Was MacDonald’s right to sack its chief executive for a consensual relationship with an employee?
Martin Townsend, a partner at communications consultancy Pagefield, says YES.
“You can’t help who you fall in love with” is one of the great romantic clichés.
Unfortunately, if you are the £12.3m-per-year boss of McDonald’s, this is not an excuse you can serve up – with or without fries.
When Steve Easterbrook, the company’s Watford-born chief executive, embarked on a relationship with an employee, it mattered not a jot that he was divorced or that the affair was consensual. The company’s rules ban relationships with “direct or indirect subordinates”. Easterbrook was fired and accepted the decision.
Was this an overreaction? Of course not. We live in the age of #MeToo, and McDonald’s has been facing claims about the sexual harassment of staff. Easterbrook’s case may have been unconnected, but it won’t have helped.
But even without these factors, any relationship between a boss and subordinate has the whiff of an unfair power dynamic about it. It neither looks nor feels right in a working environment – and any attempt to make it seem so is clutching at stripy straws.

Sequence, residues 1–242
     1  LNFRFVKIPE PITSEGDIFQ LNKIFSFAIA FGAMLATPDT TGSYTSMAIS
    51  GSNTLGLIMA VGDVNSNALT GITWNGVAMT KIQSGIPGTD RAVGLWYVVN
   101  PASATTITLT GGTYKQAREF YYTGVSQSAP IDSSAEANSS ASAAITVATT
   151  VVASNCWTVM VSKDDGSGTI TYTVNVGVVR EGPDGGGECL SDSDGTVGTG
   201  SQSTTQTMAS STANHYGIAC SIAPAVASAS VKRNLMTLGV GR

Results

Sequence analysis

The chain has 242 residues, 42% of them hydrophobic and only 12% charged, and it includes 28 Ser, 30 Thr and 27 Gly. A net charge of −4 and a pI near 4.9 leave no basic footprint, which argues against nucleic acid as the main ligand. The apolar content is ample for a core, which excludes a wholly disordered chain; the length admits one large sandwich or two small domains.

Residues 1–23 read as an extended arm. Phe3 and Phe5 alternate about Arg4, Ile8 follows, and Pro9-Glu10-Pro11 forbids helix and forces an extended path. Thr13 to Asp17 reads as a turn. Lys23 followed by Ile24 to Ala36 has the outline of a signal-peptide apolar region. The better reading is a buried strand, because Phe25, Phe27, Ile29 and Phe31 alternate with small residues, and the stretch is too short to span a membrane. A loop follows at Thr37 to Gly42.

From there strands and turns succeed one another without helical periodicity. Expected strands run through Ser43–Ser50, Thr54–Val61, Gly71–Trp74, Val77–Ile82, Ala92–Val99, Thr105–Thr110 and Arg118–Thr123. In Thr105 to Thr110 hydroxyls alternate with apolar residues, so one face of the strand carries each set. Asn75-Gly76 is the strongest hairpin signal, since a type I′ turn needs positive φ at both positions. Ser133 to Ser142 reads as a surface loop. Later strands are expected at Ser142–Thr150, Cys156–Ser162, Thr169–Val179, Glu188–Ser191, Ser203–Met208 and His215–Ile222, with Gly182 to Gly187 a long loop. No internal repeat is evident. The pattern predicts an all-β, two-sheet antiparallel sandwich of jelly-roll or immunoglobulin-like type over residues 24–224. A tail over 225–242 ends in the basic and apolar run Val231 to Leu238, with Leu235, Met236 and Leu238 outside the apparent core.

Emma Long, commercial director of BizSpace, says NO.
With Britons spending so much time at the office, and lines increasingly blurring between home and work, we need to take a modern approach to romances.
One in five couples meet at work, while 1.4m couple-run firms exist in the UK, proving that successful relationships and successful businesses can coexist. Conducted maturely, an office romance should not affect either individual’s judgement, nor the wider team.
We do not know whether Steve Easterbrook’s consensual relationship had any negative effect on McDonald’s, though the share-price reaction suggests that investors would have preferred him to stay. The difficulty in this case is the seniority of Easterbrook. But this is also not uncommon: US research suggests that 22 per cent of workers have dated their boss.
The stakes are always high: couples meeting at work are more likely to marry than those meeting elsewhere, but six per cent of workers have left a job after a romance ended. Still, workplace romances should not automatically be a sackable offence.
Main image credit: Getty